The film, Sonita, directed by Iranian filmmaker Rokhsareh Ghaemmaghami, chronicles a pivotal moment in Sonita’s life. Living as a refugee in Tehran, Sonita dreams of becoming a successful rapper. But her efforts are threatened by her mother’s plans to sell her into marriage in Afghanistan. As things become desperate, the filmmaker intervenes, setting off an extraordinary chain of events.
“Words are not enough to express how the True Life Fund helped Sonita. The value was not only in the money, but the love and care that thousands of people sent Sonita,” Ghaemmaghami said.
At T/F, Sonita and director Ghaemmaghami did post-screening Q&As, and Alizadeh performed her original music for more than 4,000 people. T/F has established a trust in Sonita’s name, which will allow for regular distribution of the funds.
“I am truly grateful to True/False for this incredible support. This money secures a future education for me and a voice for so many girls who are not heard, as I work toward my goal of ending child marriage. The kindness of the friends I made at True/False is something I will always treasure.”Alizadeh said.
Now celebrating its 10th anniversary, The True Life Fund supports the subject of one film each year to show appreciation for the sharing of their stories. Alizadeh is increasingly a well-known opponent of forced child marriages, and recently performed at Secretary of State’s International Women of Courage Award ceremony.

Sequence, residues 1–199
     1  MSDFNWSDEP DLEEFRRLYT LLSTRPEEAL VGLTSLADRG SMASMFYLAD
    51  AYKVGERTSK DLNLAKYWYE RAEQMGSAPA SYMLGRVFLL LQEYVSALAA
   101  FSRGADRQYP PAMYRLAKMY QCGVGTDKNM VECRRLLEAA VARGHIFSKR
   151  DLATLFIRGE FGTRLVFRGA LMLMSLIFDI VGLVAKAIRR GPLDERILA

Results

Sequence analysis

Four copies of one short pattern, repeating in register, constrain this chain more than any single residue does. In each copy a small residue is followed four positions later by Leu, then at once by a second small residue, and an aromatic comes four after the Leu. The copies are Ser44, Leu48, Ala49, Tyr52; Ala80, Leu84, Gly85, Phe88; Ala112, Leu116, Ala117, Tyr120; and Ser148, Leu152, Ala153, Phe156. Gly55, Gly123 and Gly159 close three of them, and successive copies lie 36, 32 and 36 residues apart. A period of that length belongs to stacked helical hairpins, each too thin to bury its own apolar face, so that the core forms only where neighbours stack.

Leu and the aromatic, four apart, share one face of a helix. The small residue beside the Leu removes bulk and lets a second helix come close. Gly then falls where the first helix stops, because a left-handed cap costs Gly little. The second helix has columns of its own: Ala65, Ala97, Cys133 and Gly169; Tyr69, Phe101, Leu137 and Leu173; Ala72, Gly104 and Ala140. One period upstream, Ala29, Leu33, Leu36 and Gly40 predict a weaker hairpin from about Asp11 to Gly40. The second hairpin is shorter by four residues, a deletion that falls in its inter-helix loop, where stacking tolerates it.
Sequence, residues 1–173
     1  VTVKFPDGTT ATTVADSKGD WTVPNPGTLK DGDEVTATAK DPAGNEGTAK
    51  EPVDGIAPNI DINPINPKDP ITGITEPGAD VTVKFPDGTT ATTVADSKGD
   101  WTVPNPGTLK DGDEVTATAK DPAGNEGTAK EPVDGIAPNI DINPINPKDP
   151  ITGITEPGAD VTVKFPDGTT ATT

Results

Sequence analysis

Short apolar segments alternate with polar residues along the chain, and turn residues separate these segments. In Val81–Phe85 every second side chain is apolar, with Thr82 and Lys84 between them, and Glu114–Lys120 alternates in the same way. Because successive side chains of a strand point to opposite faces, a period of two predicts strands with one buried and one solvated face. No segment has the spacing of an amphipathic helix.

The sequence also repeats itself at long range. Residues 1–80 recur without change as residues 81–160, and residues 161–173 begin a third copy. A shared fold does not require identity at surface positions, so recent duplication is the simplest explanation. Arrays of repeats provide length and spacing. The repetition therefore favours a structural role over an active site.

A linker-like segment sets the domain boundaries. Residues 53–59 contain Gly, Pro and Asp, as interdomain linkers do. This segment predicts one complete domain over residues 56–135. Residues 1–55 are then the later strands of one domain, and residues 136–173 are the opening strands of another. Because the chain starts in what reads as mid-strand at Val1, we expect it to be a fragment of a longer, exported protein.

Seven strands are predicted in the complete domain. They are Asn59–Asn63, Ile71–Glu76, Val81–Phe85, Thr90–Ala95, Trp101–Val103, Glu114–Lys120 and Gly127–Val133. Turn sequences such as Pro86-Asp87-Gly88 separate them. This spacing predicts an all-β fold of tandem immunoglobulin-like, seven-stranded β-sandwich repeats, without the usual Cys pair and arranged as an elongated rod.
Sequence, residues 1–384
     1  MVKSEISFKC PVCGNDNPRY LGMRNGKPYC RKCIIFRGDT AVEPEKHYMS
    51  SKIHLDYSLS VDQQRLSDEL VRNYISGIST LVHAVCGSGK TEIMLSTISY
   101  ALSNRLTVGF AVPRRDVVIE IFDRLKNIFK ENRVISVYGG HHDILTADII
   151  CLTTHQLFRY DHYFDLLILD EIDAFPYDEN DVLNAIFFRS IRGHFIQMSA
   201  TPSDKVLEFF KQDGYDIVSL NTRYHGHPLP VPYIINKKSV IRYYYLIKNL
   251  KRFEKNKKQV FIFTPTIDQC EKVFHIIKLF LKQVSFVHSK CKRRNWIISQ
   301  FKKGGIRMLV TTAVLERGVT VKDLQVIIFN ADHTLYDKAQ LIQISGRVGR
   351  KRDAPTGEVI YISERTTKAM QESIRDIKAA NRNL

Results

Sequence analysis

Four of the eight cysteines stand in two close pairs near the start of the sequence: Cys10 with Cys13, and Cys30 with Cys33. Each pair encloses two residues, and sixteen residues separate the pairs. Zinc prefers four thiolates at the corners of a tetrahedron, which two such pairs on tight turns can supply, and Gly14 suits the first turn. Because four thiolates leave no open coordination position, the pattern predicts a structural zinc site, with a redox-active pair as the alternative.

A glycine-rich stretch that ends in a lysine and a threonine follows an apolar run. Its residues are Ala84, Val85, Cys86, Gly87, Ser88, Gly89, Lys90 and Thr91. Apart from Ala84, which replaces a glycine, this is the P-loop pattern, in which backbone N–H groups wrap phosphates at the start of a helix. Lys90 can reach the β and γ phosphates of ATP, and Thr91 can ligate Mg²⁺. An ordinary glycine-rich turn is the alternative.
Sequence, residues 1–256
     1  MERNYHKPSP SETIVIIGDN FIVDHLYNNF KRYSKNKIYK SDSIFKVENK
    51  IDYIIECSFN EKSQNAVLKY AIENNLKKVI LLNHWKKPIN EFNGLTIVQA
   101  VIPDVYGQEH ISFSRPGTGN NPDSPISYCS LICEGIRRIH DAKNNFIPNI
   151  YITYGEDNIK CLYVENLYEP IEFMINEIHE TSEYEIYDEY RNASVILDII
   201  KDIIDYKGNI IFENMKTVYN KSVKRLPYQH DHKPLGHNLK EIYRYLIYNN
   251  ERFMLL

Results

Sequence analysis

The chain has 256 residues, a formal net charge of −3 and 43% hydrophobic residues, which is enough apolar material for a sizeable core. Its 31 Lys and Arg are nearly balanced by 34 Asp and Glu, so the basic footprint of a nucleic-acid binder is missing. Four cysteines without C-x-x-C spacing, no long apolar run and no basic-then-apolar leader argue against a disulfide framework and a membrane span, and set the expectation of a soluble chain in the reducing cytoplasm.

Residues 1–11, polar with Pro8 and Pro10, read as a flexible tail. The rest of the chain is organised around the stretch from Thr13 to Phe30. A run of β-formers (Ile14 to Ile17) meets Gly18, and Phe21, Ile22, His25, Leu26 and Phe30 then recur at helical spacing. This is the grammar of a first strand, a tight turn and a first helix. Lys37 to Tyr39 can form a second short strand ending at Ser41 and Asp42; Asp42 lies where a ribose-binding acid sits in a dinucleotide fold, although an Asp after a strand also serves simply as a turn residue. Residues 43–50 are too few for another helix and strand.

The True Life Fund will help support Sonita as she furthers her education and works to achieve her musical aspirations. Additional donations to the TLF can be made here or via text (573.818.2151) through April 30.
The next True/False Film Fest will take place March 2 – 5, 2017 in downtown Columbia, Mo.
*UPDATE: As of April 30, when donations ended, the final tally increased to $43,514!
Posted April 14, 2016
We are done. Obliterated. Barely functional. Our mind is like an underground trash fire that will burn for five-thousand years, but in a good way.